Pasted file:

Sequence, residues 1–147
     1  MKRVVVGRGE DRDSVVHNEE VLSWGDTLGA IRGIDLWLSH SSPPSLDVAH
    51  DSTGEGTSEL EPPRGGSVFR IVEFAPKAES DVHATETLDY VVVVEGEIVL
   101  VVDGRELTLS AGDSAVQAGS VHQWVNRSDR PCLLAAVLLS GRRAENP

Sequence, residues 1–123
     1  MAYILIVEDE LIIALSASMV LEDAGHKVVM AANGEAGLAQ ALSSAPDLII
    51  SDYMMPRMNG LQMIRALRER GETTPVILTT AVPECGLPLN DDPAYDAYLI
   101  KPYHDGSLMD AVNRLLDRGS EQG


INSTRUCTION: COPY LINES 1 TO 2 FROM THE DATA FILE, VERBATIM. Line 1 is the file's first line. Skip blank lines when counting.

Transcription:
Sequence, residues 1–147
     1  MKRVVVGRGE DRDSVVHNEE VLSWGDTLGA IRGIDLWLSH SSPPSLDVAH